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Observations from my Mixed Up World

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Easter Memories

We had one of the best Easter Days in a long time this year.  Maya let me sleep in until 6:34 am and then accepted a bagel, a blanket and a promise that we would check for the Easter Bunny in about an hour.  I even got that hour before both kids landed on the bed demanding that an immediate search for Easter loot be launched.  My wife, never a morning person except where presents are concerned, uncomplainingly left the bed and directed the search.  I worked magic at the Keurig and then later in the kitchen.  Milo finally got the pancakes he’d been craving.  We went as a family to the gym and swam in the pool.  After the gym, we discovered a new restaurant, ate a meal that could actually be considered adult and then enjoyed an orgy of Dancing with the Stars.  Overall, such a great day.

I was reflecting tonight about how Easter was when I was young.  My sister and I bolting down the stairs fearful that the dog had eaten all of the chocolates.  Discovering that the Easter Bunny had left the traditional pairs of rubber boots and raincoats for both of us.  Getting dressed in brand new clothes and going to church.  Sometimes even risking the foundations of the building by bringing my dad along with us.  In my teens, serving as an altar boy sometimes at as many as 3 services.  Finally getting home around noon for a small meal and then waiting for the hordes of family to arrive.  Loud aunts, gruff uncles, cousins you liked, cousins you hated, grandparents laden with treats and extended family too.  Battles would be fought and won, wounds licked and ripped open, in short, a family affair.  And food… there would be so much food that you knew what you’d be eating for the next week even before the first mouth full.  I’m certain that my love of food comes from how eating together was such an important part of being together as a family.

Things change.  Time moves on.  Traditions grow.  Still family at the centre of celebration.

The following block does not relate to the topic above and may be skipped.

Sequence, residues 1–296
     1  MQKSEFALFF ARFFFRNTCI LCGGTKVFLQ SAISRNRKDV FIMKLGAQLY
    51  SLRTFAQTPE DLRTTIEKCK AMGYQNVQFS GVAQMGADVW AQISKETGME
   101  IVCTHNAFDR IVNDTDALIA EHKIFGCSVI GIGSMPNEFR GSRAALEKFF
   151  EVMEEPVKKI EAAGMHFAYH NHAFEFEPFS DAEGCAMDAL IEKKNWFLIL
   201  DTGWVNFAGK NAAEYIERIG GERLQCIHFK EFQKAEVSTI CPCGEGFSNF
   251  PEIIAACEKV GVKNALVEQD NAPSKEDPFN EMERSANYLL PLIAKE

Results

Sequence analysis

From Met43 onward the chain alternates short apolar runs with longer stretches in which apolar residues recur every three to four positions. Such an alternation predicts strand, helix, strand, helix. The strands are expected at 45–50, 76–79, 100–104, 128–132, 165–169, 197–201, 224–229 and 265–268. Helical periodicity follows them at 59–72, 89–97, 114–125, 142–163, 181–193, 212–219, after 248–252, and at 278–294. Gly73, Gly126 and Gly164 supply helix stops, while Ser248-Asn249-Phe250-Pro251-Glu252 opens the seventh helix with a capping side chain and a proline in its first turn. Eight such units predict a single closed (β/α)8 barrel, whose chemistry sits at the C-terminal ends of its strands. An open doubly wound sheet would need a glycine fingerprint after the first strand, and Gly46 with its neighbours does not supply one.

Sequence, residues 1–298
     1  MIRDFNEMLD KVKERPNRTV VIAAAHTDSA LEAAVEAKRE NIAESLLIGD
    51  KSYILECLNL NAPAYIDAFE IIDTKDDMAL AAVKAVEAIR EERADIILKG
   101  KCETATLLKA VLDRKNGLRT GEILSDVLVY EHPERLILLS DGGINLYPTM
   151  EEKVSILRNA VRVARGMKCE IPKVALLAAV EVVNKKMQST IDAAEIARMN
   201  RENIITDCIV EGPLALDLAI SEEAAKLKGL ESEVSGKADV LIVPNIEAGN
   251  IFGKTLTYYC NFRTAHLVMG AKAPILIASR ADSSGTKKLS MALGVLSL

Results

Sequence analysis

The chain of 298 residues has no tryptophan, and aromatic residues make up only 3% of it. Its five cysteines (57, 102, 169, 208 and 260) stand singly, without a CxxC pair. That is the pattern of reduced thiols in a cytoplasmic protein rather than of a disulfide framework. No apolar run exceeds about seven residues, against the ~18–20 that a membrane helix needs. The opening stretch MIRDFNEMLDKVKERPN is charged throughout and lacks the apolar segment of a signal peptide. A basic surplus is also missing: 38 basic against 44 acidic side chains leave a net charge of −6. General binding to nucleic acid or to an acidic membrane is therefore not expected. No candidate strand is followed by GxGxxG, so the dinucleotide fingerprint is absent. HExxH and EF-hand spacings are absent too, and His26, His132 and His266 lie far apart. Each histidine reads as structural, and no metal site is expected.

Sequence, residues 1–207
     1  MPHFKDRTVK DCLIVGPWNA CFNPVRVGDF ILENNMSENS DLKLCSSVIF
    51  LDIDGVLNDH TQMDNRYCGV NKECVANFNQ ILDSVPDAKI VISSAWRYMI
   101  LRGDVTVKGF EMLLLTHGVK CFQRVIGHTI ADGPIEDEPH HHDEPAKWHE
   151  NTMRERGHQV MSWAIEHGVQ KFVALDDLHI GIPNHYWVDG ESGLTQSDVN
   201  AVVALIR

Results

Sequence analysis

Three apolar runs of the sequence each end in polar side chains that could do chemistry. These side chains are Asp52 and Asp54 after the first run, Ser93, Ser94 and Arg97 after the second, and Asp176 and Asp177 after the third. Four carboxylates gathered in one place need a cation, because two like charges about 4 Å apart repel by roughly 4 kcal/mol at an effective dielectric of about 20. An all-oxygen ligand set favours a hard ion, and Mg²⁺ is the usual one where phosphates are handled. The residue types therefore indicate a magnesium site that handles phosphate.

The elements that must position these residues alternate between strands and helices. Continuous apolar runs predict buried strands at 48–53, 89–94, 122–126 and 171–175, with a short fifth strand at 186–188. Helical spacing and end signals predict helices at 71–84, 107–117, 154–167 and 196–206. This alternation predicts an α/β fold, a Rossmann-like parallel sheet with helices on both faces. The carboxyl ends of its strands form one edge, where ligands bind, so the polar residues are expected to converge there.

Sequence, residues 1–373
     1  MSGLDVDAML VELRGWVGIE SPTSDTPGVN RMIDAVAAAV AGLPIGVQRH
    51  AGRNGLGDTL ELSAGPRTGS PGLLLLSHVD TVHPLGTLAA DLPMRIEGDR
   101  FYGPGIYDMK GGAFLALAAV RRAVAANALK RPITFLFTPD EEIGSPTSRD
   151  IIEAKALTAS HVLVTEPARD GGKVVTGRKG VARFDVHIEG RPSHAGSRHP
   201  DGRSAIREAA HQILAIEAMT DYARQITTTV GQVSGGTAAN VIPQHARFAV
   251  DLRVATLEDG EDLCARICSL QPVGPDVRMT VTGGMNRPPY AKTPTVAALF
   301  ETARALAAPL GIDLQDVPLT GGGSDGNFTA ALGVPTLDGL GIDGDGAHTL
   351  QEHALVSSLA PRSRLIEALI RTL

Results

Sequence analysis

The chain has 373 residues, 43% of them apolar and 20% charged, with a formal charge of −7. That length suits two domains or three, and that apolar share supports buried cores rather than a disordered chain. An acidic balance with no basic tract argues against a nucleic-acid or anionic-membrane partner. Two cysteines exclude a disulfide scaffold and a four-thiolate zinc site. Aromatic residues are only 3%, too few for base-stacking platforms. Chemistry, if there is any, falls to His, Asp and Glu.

The Easter Bunny Lives in Barrie: Travel Log 1

We went to visit my sister and her family for the Easter Weekend.  The odd thing is that we did it knowing that with everyone coming, the adults would be outnumbered 7 to 5 by the kids.  The little beasts ages ranged from 13 down to Maya who is five.  Girl to boy ratio was 4 to 3.  The actual bed spaces to persons ratio was 6 spaces to 12 persons, so the kids had to sleep on the floor in a pile of blankets and pillows much like a litter of puppies.  Oh well, more’s the fun.

Now it is 2 hours to Barrie which should be a dream trip compared to going to my mom’s place which is a staggering 5 hour marathon of pain and despair.  I figured that we were on the right track as we left.  Both I-Pods were fully charged, Milo had his headphones, stuffed animals and blankets were available and I had taken, confirmed and reconfirmed the Tim Horton’s orders for breakfast prior to leaving the driveway. I was smart enough not to comment aloud or even think to myself that things looked promising.  Why tempt the universe?

Tim Horton’s (a donut/coffee shop dominant in Canada) is less than 5 minutes away.  After handing out the bagels and drinks to everyone, my shining outlook began to falter.  I had previously been unaware that it was a form of child abuse to provide a bagel to Maya where the top and bottom halves were placed back together like a cream cheese sandwich.  Nor was I aware that to suggest to a five year old that they could take one hand and lift the top half of the bagel from the bottom half was akin to asking her to compose War and Peace while hopping on one foot whistling “When the Saints go Marching In.”  I was educated appropriately, I assure you.

Suitable chastened, we made it to the highway while bagels were consumed in a more or less quiet but more and more messy fashion.  That’s ok, when I drive I only look forward.  As the amusement of breakfast wore off, I suggested a traveling game that has worked for me in the past.  Each occupant of the vehicle was to look out the windows and search for orange cars.  There is a scarcity of them in Ontario so it requires a certain concentration and vigilance.  I’ve made the game non-competitive as the player needs to show the car to the others and no points are awarded.  I’d not counted on the fact that Milo looks forward out the front window to search out cars.  Maya on the other hand, looks out her window as exactly 90 degrees to the path of travel.  Suffice to say, Milo has an advantage.  The perception of how unfair his advantage was became clear to me as the volume of protest rose and rose and rose and rose.  The game was called on account of driver deafness.

I’m sure that there were other challenging moments in the car, but I’ve blocked them from my memory.  God only knows how pioneers ever made those months long treks in covered wagons.  I’d have strapped the kids to the oxen and left them to the elements.

There will be more stories of Easter Weekend forthcoming.